For some time concern has been expressed about the lack of activity in the area to the east of the centre city core. To a very large extent the concentration appears to have been on the other side of the core, ie to the west.
Certainly the development in and around
Completed residential accommodation included Johannesburg Housing Company’s
On the cultural front, work was done some years back in accommodating the Dance Factory, Moving into Dance and the Midi Trust’s Newtown Music Centre – now the Bassline. The first phase of the Sci Bono Science & Technology Centre was also completed a few years back in the historic Electric Workshop building which included a great refurbishment of the offices and the creation of retail on the southern end of the building.
Work currently under construction includes the Quinn Street apartments (conversion from offices – just being completed); the additions to and refurbishment of the Turbine Hall and Boiler House as the corporate Head Office for Anglo Gold Ashanti (also just being completed); the refurbishment of the AA Building and 11 Diagonal Street for FNB and ABSA respectively and the Franklin (previously Ernst & Young) residential accommodation.
Planned projects include the conversion of Transport House into an 80 room boutique hotel with 200 apartments and 3600 square metres retail and cinemas; mixed use developments on Nos 2, 3 and 6 Central Place; apartments and retail opposite the Market Theatre to be known as the Majestic; a major new residential project behind the Quinn Street development to be known as The Sidings; a very large office and retail development in Carr Street and a complete refurb of the popular SAB World of Beer.
My calculation of the cost of all the development that has taken place from 2001 to date and including known projects to be developed in the near future as mentioned above is well over R3 billion. So the Western area has really been hot!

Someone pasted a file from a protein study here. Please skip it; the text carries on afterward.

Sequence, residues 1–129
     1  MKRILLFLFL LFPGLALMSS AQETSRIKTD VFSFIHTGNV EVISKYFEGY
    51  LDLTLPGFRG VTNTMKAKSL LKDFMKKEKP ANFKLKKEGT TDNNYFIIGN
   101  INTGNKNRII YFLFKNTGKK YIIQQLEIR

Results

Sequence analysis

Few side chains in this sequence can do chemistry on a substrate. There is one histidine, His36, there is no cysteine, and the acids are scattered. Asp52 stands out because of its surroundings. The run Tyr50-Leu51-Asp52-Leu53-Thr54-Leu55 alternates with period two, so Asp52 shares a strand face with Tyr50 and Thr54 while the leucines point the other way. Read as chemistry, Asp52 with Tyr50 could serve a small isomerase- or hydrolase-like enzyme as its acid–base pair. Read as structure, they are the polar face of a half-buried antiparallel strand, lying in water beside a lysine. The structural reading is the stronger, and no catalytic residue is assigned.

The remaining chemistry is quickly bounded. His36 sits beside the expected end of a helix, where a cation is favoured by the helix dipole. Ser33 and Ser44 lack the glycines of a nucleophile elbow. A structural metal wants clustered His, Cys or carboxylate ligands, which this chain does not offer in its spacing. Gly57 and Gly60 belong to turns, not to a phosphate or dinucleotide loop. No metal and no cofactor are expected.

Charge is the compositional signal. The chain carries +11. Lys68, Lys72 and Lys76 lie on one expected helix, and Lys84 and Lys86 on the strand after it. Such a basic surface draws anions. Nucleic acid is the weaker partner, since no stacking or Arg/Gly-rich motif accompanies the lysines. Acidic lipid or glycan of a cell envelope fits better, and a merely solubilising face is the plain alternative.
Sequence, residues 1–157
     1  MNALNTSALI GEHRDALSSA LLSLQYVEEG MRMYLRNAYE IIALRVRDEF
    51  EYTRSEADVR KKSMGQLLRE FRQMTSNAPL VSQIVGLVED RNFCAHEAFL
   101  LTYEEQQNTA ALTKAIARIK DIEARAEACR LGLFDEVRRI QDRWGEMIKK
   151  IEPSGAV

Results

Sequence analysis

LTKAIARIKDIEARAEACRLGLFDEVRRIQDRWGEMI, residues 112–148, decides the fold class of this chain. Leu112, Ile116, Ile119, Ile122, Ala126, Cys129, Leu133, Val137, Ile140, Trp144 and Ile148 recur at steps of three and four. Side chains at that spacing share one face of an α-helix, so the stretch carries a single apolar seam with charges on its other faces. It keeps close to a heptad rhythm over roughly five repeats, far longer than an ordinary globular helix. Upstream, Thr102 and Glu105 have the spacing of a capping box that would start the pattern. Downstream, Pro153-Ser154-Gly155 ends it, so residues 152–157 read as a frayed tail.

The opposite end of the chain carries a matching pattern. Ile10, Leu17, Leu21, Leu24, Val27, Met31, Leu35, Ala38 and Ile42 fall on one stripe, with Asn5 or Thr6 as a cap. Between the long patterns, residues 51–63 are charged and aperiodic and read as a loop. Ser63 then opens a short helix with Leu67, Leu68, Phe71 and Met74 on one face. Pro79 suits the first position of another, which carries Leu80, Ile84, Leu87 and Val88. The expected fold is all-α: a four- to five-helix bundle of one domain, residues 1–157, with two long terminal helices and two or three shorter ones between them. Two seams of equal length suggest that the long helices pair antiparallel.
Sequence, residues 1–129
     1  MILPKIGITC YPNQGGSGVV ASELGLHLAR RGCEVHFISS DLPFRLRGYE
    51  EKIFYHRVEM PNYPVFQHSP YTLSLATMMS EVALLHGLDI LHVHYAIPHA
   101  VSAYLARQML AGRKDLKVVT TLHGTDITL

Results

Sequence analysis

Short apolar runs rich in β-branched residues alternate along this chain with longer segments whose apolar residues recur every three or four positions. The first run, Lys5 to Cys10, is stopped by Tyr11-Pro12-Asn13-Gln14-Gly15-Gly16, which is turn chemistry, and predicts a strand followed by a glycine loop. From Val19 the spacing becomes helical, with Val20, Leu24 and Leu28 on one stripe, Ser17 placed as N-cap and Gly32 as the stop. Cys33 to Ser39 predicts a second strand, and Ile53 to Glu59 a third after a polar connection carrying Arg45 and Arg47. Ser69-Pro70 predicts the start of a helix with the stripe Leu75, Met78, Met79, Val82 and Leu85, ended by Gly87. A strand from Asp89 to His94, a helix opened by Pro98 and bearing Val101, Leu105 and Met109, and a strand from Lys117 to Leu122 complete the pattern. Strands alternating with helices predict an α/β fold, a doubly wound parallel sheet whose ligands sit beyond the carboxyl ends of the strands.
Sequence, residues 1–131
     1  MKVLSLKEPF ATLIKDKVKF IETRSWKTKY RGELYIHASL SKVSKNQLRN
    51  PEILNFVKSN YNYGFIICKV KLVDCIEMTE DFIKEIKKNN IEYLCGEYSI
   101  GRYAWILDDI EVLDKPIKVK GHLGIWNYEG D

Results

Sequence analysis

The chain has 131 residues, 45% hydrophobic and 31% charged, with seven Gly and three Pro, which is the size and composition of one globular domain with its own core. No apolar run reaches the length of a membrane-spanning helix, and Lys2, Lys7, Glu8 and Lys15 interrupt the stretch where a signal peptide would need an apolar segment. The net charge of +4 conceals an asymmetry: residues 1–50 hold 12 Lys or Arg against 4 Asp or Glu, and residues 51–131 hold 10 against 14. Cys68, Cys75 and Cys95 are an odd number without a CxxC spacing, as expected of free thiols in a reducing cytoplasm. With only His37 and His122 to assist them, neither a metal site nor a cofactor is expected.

And the forgotten East? Not so forgotten anymore!
The first major new project in this area was the development of ABSA’s R450 million headquarter building that was completed in 1999 followed by their staff parking garage. Currently the really big project under construction (R1.1 billion) is another massive addition to the ABSA campus. It covers three city blocks and comprises two blocks of offices and an energy centre to service the ABSA campus over basement parking for 3000 cars and providing 115 000 square metres of additional office space that will house 3 580 staff. The new buildings will consolidate ABSA’s corporate dominance in the south eastern quadrant of the inner city.
Directly to the east of the ABSA campus is
To the north of
In regard to infrastructure, there is talk of a new railway station being built in the area which would replace the existing Ellis Park and Doornfontein stations and the existing taxi rank must be ready for an upgrade.
Further east, the Ellis Park/Bertrams area has a minimum of R300 million allocated for upgrading prior to 2010 and a visit to the area shows a great deal of work underway on upgrading roads and pavements. R200 million is being spent on upgrading the Ellis Park Stadium itself and I would imagine that a lot more money will be pumped into the area directly around the Ellis Park and Athletics Stadia.
Residential is again high on the priority list in this area with a precinct in Bertrams being targeted for expropriation and redevelopment and the announcement by the Johannesburg Housing Company at the Inner City Summit of a massive new housing development.
Not lagging too far behind the west, this eastern sector is looking at investment of between two-and-a-half and three billion rand taking into account projects since 1999 to date and known projects to come and. As we come closer to 2010 I would see a lot more going into this area.
Exciting stuff and it can only get better! But notice how often I’ve referred to ‘residential’ or ‘housing’ – this is currently one of the major drivers of urban regeneration in the inner city and both east and west appear to be attracting their fair share.